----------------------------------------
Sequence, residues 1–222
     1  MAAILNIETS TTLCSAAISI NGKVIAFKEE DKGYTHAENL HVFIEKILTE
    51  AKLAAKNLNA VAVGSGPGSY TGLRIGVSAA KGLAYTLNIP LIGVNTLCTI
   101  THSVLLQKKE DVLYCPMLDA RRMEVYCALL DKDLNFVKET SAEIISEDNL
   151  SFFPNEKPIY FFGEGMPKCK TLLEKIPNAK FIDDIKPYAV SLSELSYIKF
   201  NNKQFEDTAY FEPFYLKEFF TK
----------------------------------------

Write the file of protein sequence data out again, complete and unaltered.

Sequence, residues 1–222
     1  MAAILNIETS TTLCSAAISI NGKVIAFKEE DKGYTHAENL HVFIEKILTE
    51  AKLAAKNLNA VAVGSGPGSY TGLRIGVSAA KGLAYTLNIP LIGVNTLCTI
   101  THSVLLQKKE DVLYCPMLDA RRMEVYCALL DKDLNFVKET SAEIISEDNL
   151  SFFPNEKPIY FFGEGMPKCK TLLEKIPNAK FIDDIKPYAV SLSELSYIKF
   201  NNKQFEDTAY FEPFYLKEFF TK